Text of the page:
Once people have finished finding features in their landscapes, ask them about the experience they have just had. What have they learned? What surprised them? Are there any stories they found particularly pivotal? What came up in the discussion? What are they curious to explore next?

Finally, if you had more than one group, ask people to compare the landscapes that were created. Because every group started with the same stories and the same dimensions, these comparisons can spark more discussions about points of view around the topic being considered.

That's it - simple and quick. This exercise is long on preparation and ridiculously short on implementation, but sometimes that is exactly the kind of exercise you need. When you have some stories and you need some quick sensemaking, this might fit right in. As always, if you use the exercise please let me know how it went so I can keep learning.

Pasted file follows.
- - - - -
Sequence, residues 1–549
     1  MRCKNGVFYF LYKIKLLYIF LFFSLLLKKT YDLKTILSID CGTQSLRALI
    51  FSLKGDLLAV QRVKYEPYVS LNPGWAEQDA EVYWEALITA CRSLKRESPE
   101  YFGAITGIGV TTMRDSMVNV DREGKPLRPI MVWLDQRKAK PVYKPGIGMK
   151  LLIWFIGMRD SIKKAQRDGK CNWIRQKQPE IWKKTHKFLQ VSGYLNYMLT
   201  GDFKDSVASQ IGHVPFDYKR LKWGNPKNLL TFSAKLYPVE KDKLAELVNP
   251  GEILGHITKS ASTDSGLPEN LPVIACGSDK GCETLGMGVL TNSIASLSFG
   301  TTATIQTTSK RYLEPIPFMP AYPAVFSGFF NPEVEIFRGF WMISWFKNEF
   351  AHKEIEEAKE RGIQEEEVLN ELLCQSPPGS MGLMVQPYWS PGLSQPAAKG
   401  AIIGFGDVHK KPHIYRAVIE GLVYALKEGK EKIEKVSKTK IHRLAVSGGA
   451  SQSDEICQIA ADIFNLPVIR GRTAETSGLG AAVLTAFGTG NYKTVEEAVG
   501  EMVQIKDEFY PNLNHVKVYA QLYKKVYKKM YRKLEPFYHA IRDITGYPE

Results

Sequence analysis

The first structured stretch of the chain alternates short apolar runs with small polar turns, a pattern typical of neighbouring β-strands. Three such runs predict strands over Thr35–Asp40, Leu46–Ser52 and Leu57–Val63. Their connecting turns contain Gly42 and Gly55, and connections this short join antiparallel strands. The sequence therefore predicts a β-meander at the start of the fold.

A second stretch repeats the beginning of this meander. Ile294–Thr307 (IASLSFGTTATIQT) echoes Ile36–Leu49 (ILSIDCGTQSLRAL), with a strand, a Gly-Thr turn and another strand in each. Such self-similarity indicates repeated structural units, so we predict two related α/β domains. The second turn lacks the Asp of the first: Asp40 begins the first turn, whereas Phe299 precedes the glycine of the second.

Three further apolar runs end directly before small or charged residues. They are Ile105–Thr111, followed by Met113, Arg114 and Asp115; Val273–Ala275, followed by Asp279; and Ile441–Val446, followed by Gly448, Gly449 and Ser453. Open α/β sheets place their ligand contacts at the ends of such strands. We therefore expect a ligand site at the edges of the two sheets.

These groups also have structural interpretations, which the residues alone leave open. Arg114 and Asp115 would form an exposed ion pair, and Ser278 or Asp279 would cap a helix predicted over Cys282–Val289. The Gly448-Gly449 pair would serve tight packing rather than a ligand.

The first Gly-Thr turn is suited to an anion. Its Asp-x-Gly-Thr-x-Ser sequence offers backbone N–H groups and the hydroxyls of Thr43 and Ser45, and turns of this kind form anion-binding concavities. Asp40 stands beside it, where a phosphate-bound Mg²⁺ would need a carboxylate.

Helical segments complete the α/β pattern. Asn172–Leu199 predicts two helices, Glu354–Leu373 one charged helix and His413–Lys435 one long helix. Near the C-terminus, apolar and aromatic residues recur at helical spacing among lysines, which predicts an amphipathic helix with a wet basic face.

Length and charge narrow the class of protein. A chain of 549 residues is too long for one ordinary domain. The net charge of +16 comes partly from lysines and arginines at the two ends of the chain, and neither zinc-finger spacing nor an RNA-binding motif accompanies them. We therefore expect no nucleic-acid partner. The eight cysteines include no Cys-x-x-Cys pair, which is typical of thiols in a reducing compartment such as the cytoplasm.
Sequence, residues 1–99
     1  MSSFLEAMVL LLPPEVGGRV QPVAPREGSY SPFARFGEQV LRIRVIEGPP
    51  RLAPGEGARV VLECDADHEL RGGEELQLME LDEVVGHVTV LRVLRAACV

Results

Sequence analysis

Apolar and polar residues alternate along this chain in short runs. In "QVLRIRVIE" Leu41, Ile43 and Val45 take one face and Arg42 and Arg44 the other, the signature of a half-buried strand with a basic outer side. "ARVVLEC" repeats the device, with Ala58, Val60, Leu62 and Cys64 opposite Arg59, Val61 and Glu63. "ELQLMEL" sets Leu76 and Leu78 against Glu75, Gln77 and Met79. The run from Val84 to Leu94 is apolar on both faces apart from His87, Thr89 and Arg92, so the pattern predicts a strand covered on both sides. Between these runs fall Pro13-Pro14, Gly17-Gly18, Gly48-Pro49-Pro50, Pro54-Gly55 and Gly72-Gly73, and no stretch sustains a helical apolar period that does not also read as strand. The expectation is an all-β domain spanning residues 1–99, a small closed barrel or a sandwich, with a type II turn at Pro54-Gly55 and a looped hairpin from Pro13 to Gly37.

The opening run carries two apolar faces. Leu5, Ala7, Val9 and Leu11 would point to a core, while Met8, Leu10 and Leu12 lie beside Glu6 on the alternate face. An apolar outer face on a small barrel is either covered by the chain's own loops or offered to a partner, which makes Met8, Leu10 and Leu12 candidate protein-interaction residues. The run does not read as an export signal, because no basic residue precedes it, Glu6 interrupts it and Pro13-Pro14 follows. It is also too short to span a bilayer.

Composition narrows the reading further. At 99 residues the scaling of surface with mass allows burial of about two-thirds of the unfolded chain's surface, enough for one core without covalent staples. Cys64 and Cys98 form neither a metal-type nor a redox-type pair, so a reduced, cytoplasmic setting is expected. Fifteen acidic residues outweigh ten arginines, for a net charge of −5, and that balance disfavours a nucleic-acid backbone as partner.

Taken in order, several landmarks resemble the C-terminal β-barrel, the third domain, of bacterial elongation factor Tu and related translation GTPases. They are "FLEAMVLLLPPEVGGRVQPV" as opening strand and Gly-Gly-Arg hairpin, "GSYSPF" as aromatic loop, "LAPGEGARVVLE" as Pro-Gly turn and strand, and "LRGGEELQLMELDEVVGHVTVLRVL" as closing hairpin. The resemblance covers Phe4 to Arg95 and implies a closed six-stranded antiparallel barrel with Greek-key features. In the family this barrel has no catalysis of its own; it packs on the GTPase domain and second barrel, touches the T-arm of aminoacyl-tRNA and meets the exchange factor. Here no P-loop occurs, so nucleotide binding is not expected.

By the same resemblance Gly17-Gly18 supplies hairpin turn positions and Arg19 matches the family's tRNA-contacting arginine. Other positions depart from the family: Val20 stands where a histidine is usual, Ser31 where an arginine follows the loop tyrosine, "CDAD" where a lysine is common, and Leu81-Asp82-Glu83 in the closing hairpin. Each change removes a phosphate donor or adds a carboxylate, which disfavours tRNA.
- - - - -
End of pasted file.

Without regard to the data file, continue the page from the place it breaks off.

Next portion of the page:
Next up: Exploring the spaces between methods with the Group Works cards

Tuesday, January 24, 2017

Conference report, part two: Bubble up stories

This is the second in a series of blog posts about two conferences I attended this fall (NCDD and NYSDRA). I started by describing the Red-Blue Dictionary and the exercise I designed for it (which I call "Ground Truthing with Stories"). Now I'll talk about the exercise I designed for the first plenary session of the NCDD conference.

Day Two: Bubble up stories exercise

The goals of this exercise were: to get people sharing stories with each other; to demonstrate the benefits of story sharing; to collect some stories; and to motivate people to share more stories later in the conference. When the NCDD people told me that we'd have more than 300 people doing the exercise, and that it would be facilitated over a microphone on a podium, I realized we needed something very simple. So I went back to the staple exercise Neal Keller and I developed back in 2000, which I call "twice-told stories." It's my go-to recommendation for inexperienced or overwhelmed facilitators, because that's what we were when we developed it.